Connect with Nature Via the Capitol Corridor

April 9, 2019

Post updated March 29, 2019.

What comes to mind when you think of city living? The scene probably doesn’t involve lush greenery alongside fresh bodies of water stirring with wildlife. But that’s exactly what you can experience just steps from some of our stations! Fortunately, state- and federally- protected nature reserves keep many vulnerable habitats a priority amidst all the surrounding urban development. And whether it’s Earth Day (April 22) that’s raising your eco-antenna, or you’re a year-round outdoor enthusiast seeking new adventures, anytime is a good time to explore and appreciate our local natural wonders. Cruise on the Capitol Corridor to get up close and personal with some of the awe-inspiring ecosystems along our route, listed here from south to north. More Connect with Nature Via the Capitol Corridor

April Picks: Art in Martinez & San Jose, SF Cherry Blossom Festival & SF Beer Fest, Earth Day in Berkeley & Sacramento, and Oakland Dance Festival!

March 28, 2019

Spring has sprung, and it’s time to enjoy the outdoors at some of April’s liveliest festivals! If you’re a fan of art, culture, beer, or Mother Earth—or, simply put, anything that makes life awesome— you’ll have plenty of fun along the Capitol Corridor this month!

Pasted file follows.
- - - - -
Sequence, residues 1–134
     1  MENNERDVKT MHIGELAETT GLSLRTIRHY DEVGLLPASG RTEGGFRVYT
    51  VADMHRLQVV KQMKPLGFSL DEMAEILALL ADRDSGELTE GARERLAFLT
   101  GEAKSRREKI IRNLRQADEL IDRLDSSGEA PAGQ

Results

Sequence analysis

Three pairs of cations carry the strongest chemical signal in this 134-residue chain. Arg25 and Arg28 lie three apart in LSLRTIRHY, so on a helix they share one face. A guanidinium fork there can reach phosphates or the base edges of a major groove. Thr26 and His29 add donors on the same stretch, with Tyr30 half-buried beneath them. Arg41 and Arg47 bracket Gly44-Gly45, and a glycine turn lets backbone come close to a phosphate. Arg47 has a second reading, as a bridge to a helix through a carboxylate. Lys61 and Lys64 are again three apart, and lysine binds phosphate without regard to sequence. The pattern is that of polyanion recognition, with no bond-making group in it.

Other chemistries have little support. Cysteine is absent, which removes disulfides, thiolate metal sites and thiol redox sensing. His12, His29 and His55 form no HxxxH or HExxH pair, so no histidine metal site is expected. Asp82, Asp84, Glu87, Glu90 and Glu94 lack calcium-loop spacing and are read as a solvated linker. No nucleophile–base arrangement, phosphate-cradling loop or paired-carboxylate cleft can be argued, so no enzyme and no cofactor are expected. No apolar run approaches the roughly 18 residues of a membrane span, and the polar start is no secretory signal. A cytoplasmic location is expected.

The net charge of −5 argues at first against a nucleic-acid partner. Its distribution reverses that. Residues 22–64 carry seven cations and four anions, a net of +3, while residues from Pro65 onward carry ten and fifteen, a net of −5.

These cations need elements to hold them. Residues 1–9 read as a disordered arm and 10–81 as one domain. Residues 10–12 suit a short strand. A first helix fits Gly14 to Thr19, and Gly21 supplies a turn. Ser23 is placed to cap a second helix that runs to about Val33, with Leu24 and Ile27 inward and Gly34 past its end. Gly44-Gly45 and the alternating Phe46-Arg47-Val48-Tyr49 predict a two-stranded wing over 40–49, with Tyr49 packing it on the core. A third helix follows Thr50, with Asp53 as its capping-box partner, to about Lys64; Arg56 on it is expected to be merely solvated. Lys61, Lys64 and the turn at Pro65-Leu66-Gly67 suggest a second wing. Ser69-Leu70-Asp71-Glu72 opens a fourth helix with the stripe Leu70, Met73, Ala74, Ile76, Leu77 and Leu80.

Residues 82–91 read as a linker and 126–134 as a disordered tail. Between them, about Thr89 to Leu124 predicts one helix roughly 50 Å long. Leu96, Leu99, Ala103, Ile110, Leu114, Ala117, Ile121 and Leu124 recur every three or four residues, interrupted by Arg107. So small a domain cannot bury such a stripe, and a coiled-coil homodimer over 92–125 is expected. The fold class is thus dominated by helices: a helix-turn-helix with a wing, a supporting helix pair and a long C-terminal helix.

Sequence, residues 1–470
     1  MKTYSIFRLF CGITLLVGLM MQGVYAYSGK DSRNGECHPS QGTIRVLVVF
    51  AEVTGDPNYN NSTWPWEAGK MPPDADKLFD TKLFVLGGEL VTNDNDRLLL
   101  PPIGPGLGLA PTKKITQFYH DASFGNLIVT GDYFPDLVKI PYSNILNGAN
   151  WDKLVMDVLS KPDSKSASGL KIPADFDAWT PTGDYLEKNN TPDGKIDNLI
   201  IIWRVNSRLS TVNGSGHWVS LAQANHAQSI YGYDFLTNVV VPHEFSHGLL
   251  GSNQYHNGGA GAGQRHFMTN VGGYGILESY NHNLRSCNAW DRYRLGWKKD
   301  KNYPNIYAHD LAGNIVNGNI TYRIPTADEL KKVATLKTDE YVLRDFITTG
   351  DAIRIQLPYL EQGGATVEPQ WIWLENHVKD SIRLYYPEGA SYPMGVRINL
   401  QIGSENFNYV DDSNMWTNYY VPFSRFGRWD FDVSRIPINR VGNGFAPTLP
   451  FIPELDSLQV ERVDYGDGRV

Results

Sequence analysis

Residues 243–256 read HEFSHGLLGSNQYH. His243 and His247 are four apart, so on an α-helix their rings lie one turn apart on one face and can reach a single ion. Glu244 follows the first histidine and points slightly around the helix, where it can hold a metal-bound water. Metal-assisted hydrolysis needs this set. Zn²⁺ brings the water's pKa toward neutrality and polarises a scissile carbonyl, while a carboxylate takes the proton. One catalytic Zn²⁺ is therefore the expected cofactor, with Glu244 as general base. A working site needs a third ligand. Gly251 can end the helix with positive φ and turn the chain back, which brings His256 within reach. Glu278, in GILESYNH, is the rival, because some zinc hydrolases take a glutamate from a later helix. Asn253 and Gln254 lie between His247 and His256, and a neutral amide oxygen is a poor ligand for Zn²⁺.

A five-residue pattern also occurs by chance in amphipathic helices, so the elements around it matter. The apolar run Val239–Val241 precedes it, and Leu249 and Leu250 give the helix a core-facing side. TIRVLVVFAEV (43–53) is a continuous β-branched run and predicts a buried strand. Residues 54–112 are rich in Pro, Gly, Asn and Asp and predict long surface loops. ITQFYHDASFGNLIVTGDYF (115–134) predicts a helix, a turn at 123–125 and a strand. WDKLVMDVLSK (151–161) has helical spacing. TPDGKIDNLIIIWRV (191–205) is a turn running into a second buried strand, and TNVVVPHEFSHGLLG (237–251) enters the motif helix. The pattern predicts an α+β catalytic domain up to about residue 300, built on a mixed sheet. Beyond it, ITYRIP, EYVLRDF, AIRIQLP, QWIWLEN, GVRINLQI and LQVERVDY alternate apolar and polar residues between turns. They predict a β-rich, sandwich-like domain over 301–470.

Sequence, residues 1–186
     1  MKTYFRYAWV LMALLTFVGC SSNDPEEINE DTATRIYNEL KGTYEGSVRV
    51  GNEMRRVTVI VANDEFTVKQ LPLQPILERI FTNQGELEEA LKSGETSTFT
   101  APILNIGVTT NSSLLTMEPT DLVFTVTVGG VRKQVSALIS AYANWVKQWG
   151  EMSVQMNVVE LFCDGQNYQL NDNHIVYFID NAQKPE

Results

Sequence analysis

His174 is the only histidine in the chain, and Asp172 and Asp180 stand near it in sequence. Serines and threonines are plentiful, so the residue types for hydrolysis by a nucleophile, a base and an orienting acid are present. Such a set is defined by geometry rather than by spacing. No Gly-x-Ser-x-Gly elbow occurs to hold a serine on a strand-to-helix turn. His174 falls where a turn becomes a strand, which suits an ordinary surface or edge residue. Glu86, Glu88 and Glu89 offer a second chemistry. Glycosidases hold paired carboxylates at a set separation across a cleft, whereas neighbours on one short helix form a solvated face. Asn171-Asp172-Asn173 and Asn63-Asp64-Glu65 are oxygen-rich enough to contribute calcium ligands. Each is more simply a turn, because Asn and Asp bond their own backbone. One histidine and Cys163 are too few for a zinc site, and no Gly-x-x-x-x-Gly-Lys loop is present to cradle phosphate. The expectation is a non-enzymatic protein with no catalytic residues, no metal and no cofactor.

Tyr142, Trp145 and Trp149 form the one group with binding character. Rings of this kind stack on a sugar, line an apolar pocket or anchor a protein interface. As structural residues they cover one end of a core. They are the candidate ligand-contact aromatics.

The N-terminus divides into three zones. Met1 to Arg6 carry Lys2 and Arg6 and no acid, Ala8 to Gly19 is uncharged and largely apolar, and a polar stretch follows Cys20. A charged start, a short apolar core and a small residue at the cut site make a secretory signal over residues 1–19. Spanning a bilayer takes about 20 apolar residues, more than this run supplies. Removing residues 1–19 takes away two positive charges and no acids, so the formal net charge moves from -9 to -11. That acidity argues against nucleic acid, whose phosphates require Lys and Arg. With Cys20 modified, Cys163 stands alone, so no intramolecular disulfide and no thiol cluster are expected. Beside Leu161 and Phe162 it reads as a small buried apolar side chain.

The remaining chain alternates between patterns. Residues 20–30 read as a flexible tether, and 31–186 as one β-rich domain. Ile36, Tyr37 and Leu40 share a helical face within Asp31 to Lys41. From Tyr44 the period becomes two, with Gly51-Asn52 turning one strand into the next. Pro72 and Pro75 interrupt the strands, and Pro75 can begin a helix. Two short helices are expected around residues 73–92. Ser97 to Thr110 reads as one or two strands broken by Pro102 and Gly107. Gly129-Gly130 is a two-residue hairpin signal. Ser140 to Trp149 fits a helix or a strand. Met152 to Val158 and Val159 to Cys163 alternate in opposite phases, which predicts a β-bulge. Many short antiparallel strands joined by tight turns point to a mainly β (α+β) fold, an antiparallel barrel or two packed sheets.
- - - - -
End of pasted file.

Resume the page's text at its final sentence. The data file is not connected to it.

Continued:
More April Picks: Art in Martinez & San Jose, SF Cherry Blossom Festival & SF Beer Fest, Earth Day in Berkeley & Sacramento, and Oakland Dance Festival!

Play Ball! Capitol Corridor’s Guide to Northern California Baseball Parks

March 25, 2019

This post was originally published on April 2, 2017 and was updated March 27, 2019.

Whether you’re a fan who keeps track of every stat, or you just enjoy singing “Take Me Out to the Ballgame” with a bag of peanuts and Cracker Jacks, you’ve got plenty of options for baseball fun in Northern California. No matter which team you’re rooting for — the A’s in Oakland, the Giants in San Francisco, or the River Cats in Sacramento — the Capitol Corridor makes your trip to the ballpark relaxing and fun. With spacious seating and tables for four, a Café Car serving food and beverages, and free Wi-Fi, you’ll be able to start the tailgate early or check the starting lineup on board. More Play Ball! Capitol Corridor’s Guide to Northern California Baseball Parks